After the love of her life Billy Ben Turner gets engaged to Ellwyn, the daughter of a rich farmer, a jealous Jess-Belle turns to a local witch to help her get him back. Granny Hart is known in the area as the person to go too for any potion you might want. Jess-Belle has no money however and all Granny Hart can give her is a potion that carries a high price. Jess-Belle is prepared to pay any price and the potion she takes seems to work: as soon as Billy Ben sets eyes on her, he falls madly in love with her. When the clock strikes midnight however, Jess-Belle is transformed and later realizes that she too is now a witch. Written by
When Jess-Belle first visits Granny Hart to obtain the potion, the old woman refuses to accept a brooch in payment because it is made of silver. However when Jess-Belle returns with silver coins- she accepts them. See more »
The Twilight Zone has existed in many lands, in many times. It has its roots in history, in something that happened long, long ago and got told about and handed down from one generation of folk to the other. In the telling, the story gets added to and embroidered on, so that what might have happened in the time of the Druids is told as if it took place yesterday, in the Blue Ridge mountains. Such stories are best told by an elderly grandfather on a cold winter's night by the ...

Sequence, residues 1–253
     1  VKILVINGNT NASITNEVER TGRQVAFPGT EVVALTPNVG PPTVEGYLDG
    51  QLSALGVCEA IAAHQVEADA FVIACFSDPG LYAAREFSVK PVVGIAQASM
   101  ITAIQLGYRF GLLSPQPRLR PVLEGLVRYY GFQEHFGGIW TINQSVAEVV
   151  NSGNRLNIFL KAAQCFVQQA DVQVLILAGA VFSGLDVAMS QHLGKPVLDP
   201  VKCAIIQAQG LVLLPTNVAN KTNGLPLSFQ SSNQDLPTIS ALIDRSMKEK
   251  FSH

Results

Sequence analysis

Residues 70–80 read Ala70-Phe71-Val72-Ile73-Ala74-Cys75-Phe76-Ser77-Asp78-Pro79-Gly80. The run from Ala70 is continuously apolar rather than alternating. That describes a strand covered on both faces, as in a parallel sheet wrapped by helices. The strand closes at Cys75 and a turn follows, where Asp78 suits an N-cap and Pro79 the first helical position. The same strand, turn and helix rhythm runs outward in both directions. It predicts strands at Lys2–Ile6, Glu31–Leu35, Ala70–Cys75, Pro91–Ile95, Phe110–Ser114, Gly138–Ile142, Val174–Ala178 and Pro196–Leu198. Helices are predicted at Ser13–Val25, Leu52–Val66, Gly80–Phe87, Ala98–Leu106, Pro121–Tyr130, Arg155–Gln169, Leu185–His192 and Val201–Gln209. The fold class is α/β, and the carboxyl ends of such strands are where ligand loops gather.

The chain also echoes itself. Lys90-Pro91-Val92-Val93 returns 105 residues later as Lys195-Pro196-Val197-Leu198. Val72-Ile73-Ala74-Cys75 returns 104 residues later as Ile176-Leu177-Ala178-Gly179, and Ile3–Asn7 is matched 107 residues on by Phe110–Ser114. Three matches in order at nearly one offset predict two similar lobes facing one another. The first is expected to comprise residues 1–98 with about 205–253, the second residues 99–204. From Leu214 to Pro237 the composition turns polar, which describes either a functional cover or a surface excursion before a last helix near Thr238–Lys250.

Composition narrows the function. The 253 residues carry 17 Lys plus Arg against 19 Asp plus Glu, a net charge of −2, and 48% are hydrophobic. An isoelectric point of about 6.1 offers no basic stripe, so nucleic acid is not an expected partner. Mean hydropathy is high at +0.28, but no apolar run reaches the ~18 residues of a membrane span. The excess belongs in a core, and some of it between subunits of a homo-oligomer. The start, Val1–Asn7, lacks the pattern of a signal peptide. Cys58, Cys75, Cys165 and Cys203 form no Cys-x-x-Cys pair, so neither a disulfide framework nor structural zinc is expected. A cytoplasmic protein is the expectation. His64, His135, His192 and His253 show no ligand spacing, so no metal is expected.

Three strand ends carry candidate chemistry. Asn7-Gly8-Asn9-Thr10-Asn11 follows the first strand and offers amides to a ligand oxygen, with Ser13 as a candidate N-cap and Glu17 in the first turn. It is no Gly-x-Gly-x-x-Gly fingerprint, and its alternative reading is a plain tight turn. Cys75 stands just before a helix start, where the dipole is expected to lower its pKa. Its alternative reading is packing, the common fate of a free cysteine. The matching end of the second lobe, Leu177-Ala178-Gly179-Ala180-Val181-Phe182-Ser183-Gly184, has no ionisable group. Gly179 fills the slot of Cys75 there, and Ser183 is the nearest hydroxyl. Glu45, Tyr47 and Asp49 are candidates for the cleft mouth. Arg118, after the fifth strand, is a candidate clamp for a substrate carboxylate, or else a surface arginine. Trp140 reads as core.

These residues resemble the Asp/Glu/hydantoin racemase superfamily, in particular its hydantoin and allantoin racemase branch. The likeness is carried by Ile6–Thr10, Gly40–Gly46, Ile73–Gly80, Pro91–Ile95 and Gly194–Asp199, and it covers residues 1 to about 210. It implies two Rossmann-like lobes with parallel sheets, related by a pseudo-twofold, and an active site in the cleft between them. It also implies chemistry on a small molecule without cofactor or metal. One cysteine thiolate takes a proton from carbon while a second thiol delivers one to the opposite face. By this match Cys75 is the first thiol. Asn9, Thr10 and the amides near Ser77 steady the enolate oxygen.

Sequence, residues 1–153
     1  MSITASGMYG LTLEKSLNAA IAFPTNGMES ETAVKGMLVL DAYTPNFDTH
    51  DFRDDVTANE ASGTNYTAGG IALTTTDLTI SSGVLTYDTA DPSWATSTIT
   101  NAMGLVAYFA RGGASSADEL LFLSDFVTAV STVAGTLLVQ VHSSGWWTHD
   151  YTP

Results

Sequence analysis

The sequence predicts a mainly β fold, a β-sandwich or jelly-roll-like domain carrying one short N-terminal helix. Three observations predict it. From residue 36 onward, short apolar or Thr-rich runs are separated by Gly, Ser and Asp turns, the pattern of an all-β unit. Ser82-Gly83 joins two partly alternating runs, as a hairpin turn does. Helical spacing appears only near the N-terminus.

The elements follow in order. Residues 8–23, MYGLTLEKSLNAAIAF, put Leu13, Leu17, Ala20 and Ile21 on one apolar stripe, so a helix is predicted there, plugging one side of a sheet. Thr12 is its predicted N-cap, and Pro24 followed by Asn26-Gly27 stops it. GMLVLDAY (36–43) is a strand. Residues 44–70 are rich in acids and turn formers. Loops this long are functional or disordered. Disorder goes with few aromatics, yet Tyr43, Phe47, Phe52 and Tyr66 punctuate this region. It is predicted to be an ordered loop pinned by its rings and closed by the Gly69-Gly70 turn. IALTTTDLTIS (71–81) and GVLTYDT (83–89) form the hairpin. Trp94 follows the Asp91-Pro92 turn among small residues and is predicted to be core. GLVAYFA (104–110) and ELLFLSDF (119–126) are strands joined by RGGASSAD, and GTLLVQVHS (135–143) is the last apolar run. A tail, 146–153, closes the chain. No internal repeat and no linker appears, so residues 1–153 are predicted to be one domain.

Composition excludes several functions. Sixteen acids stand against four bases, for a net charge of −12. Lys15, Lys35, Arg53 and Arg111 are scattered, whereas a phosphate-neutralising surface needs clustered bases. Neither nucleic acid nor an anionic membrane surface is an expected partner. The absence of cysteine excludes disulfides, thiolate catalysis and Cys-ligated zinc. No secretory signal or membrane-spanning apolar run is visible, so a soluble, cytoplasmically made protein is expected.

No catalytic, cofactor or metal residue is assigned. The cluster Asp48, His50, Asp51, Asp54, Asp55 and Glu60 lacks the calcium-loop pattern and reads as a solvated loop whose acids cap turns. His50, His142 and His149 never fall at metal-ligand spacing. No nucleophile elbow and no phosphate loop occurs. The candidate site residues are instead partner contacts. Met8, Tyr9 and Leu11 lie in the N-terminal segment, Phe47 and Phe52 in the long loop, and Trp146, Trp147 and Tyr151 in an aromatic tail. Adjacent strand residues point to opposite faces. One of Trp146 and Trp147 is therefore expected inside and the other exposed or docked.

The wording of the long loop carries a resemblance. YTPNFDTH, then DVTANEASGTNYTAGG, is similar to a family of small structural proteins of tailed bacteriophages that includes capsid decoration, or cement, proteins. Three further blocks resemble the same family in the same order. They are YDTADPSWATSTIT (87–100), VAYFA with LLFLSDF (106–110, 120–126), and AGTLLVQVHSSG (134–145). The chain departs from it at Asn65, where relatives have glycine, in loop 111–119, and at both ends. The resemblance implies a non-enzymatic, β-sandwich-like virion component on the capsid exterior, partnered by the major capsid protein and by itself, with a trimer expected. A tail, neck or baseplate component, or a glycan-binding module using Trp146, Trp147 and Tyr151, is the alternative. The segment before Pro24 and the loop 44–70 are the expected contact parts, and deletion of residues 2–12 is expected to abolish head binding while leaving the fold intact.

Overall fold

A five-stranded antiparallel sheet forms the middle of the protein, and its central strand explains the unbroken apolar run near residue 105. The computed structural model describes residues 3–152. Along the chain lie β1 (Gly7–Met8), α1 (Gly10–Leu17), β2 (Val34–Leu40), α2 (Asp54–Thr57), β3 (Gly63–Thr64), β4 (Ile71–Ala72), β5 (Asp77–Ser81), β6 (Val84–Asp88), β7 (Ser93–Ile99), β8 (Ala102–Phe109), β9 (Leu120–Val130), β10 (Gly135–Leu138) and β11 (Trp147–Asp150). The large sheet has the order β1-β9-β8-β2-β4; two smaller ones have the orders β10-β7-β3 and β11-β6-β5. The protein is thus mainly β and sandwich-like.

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The primary appeal of this witchcraft and folklore entry is to see Anne Francis starring in the Zone again after the classic 'The After Hours', (series one). She plays Jess-Belle a country girl who is determined to still get her man Billy Ben (James Best) even when his engagement to Elly (Laura Devon) is announced. Jess-Belle is impulsively naughty in turning to Granny Holt (Jeanette Nolan)- a finely played prim but duplicitous witch. Anne Francis carries the piece in a long black wig as the passionate girl tormented by the consequences of her supernatural powers. She makes Jess-Belle a sympathetic character who never means any harm beyond her desperate action to steal away Billy Ben. She keeps this Valentine's Day/Halloween story from sinking amidst the form-changing silliness in the plot. It's light entertainment that's far from TZ at it's best, but is well played by all, including Virginia Gregg (from 'The Masks', series five) as Jess-Belle's mother.
Rod Serling introduces the tale as one with ancient elements put into a setting nearer our time. The story seems more like 'Night Gallery' than TZ - a little more in the vein of 'I'll Never Leave You-Ever' with Lois Nettleton in ancient Wales. Serling asked writer Earl Hamner Jr to produce a script using his knowledge of folklore. He surely got that.
Jeanette Nolan was married to John McIntire who also sold a love potion in 'The Chaser' (series one) as Professor A. Daemon. Those two stayed married- unsurprisingly.
Both Virginia Gregg and Jeanette Nolan provided the voice of Norma Bates in Hitchcock's 'Psycho'. I shall stop showing off my trivia knowledge now.
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